Wednesday, March 14, 2007


Opus 14

Dove-stain’d memory: that perfect composure that allows one to continue with one’s warring. How thinking abuts it. Thinking about Pound of a day suddenly clad too heavily by spring. (Sitting here, zoom, zoom, zoom, in my four-corner’d room tossing off the Campari and bitters, so angrily, bye-the-bye at the Villa Hermitage where the pout-fisher’s go to pout, oh yeah.) Pout: “a fish with a large head.” I am working “through” Dante—whatsoever that means. I am “in the process of” “accumulating” my “final” de Kooning notes. (“Irony” stuck to me “like a burr to a jarhead’s butt.”) “Stop it.” “Nah.”

Painting as a record (trace) of brush velocity, tempo. Joan Levy reports de Kooning (early ’eighties) saying, of the late and terrific “figures emerging out of landscapes” (or “figures merging into landscapes”): “They just poured out of me like water.” (See Bukka White, “That song’s ’s old as water.”) And de Kooning, about how he handled the built-up lush material of the paint: “Miles Davis bends the notes. He doesn’t play them, he bends them. I bend the paint.” (Late Davis, performing with back to the audience. There’s a model some of the “locals” ought try, no?)

De Kooning quoting Constantin Brancusi: “All sculpture is water.”

De Kooning’s preferred painting au Louvre: Jean-Baptiste Pater’s cow with “eyes in the back of its head.” (For all the various Pater paintings of “fêtes champêtres” and other country doings, I locate no wild-eyed bovine.) Joan Mitchell loved it, too.

Triggers for forms other than drawing with eyes closed—being ways to subvert the hand’s own knowing facile draftsmanship (akin to “automatic writing,” scribbler’s intoxicants, thievery, &c.): drawing upside down, drawing with “wrong” hand, &c. The curse of ease and accuracy.

De Kooning’s often lovely orthography. “All the noice and continuous shatter of the men.” In a letter. (Bustle of workmen in unfinish’d studio.)

“I don’t want to be new anymore.” (Approaching sixty.) And: “I don’t know the names of trees but I see things in nature very well. I’ve got a good eye for them, and they look back at me.”

In Rome, liking “the melodrama of vulgarity.”

Theory versus whatsoever may erupt out of some (inner, uncontrollable) necessity. (See the enormous numbers of, say, poems, that exhibit no need of existing beyond vanity of a bibelot, another cursory pebble in a careerist’s “pile.”) De Kooning: “The group instinct could be a good idea, but there is always some little dictator who wants to make his instinct the group instinct.” Versus:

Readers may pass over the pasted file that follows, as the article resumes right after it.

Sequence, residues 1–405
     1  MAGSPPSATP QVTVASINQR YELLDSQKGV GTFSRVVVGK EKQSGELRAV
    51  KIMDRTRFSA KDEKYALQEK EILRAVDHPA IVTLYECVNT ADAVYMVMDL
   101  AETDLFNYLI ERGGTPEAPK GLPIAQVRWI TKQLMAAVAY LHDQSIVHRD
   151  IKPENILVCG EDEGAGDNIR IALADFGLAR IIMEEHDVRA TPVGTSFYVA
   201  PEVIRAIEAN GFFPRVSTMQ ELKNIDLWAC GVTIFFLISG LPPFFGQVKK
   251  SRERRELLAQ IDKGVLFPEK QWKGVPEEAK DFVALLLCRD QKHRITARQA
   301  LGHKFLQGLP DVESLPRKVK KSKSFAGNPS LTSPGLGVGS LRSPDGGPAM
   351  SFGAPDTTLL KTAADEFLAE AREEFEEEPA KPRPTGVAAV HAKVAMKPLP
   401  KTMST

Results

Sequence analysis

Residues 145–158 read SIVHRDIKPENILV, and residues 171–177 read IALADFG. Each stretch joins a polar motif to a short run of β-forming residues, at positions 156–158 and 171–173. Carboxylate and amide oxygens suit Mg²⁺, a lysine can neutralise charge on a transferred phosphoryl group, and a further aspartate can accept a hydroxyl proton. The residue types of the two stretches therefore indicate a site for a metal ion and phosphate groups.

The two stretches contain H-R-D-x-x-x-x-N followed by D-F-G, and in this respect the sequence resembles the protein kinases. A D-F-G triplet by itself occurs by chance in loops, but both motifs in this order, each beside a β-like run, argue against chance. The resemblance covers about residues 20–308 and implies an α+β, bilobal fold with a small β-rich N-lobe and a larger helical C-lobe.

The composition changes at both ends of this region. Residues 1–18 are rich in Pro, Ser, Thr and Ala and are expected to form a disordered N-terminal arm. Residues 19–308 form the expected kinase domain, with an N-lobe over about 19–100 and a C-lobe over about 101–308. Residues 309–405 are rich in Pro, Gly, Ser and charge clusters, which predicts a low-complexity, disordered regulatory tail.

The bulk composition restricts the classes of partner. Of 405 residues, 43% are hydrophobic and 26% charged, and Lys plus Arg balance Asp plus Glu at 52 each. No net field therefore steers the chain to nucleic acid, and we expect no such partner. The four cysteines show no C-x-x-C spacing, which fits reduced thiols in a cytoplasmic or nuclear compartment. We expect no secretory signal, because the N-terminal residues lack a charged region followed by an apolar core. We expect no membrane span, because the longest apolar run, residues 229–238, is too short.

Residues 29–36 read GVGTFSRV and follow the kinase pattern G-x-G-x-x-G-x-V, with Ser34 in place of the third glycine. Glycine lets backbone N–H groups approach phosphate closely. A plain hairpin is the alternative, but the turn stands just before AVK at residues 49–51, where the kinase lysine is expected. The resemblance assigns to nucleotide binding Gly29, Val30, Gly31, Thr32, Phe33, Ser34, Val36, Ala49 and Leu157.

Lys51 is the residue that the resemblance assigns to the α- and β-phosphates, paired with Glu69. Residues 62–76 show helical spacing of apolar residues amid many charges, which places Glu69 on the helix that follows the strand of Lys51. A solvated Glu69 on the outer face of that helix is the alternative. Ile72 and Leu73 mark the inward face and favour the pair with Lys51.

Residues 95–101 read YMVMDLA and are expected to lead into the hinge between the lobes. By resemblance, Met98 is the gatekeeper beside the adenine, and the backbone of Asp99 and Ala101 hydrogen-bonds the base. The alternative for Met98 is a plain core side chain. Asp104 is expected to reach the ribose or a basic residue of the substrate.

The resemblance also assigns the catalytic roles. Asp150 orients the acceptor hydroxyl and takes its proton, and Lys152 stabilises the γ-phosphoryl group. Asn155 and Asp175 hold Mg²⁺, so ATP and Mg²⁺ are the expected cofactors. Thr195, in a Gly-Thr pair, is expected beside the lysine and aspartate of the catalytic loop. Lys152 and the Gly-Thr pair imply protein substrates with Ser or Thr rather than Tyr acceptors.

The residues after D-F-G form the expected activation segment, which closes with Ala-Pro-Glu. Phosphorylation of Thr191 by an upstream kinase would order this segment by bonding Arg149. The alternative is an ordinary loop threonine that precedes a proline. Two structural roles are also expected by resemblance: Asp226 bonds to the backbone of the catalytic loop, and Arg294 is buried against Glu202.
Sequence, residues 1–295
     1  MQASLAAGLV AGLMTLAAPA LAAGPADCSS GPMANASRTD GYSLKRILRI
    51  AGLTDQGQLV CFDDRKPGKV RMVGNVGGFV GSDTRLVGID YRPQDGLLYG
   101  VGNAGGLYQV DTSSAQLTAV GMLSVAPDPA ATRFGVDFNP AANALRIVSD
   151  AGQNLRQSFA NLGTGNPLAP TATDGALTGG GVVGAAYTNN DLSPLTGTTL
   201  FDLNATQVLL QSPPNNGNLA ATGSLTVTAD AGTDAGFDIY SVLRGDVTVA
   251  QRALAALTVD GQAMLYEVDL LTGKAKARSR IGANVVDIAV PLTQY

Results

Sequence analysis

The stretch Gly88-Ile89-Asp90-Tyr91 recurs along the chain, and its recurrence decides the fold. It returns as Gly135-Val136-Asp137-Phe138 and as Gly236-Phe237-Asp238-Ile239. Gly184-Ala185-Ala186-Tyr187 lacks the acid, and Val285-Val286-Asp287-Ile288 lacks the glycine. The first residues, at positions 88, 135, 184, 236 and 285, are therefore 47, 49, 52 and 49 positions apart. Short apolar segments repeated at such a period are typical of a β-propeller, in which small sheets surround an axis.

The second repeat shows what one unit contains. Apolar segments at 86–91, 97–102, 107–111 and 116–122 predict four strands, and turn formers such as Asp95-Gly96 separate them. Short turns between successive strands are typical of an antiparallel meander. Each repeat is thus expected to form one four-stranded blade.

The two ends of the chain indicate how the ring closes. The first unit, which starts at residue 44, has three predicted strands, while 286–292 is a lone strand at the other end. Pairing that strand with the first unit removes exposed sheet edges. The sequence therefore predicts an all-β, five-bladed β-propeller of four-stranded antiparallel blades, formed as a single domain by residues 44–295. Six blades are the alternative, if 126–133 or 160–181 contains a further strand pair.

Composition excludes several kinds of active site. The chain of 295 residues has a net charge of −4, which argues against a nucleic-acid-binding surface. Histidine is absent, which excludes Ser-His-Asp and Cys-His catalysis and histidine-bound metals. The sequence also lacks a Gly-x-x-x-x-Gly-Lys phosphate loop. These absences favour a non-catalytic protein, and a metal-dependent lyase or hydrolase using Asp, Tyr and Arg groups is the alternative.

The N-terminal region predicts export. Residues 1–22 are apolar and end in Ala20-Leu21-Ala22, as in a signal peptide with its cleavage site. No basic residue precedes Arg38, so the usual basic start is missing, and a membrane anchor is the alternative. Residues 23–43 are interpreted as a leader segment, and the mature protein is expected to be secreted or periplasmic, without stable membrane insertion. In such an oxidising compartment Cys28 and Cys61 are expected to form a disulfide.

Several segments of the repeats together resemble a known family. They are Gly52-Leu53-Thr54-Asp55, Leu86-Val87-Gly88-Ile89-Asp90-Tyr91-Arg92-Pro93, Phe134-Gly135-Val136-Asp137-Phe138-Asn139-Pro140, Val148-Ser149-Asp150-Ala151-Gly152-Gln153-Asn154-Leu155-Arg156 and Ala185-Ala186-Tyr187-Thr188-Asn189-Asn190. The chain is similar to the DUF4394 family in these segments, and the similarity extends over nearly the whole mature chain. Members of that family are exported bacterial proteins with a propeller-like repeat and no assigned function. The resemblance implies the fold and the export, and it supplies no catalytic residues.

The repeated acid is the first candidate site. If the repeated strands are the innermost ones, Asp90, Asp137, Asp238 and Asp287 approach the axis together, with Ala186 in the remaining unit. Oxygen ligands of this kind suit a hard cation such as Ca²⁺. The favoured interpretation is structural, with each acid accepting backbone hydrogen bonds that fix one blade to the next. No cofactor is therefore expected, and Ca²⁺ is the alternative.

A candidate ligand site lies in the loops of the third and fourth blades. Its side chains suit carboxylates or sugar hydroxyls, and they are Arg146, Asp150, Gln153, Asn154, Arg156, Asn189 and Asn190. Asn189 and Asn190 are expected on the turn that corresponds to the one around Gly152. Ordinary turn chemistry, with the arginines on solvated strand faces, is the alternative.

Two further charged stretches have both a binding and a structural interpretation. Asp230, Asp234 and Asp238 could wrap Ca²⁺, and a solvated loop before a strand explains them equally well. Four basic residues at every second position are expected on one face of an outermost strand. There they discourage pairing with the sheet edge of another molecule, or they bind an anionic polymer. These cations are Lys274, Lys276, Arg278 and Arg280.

Spiritually I am wherever my spirit allows me to be, and that is not necessarily in the future. I have no nostalgia, however. If I am confronted with one of those small Mesopotamian figures, I have no nostalgia for it, but instead I may get into a state of anxiety. Art never seems to make me peaceful or pure. . . . I do not think of inside or outside—or of art in general—as a situation of comfort. I know there is a terrific idea there somewhere, but whenever I want to get into it, I get a feeling of apathy and want to lie down and go to sleep. Some painters, including myself, do not care what chair they are sitting on. It does not even have to be a comfortable one. They are too nervous to find out where they ought to sit. They do not want to “sit in style.”
Rejection of any “esthetic beforehand.” Rejection of purity in lieu of tension.

How de Kooning remark’d of Frank O’Hara: “I liked him immediately, he was so bright. Right away he was at the center of things, and he did not bulldoze.” (Hint for the current crop of bulldozers.) O’Hara’s deft unslinging of the too taut hunting bows of the fatuous, the loud, the besottedly showy (in a 1957 letter to Kenneth Koch):
As a result of reading Howl I have written two little meditations which are so quiet as to be absolutely vaporous and as indecisive stylistically as the orchestral part of a Chopin piano concerto played by itself. It’s like one of those missing solo recordings where the reader has to supply everything on his 88 key home set. I’m calling it “Play-a-Part-Poetry.”
And managing to prick the silly pretensions of that whole L=I=N=G=U=A=L rigmarole re: the reader’s participatory pant after the producting of meaning, yeah, and precisely avant la lettre. (In a note in Lytle Shaw’s Frank O’Hara: The Poetics of Coterie.)

“Play-Apart Poetry.”

Constantin Brancusi and Bukka White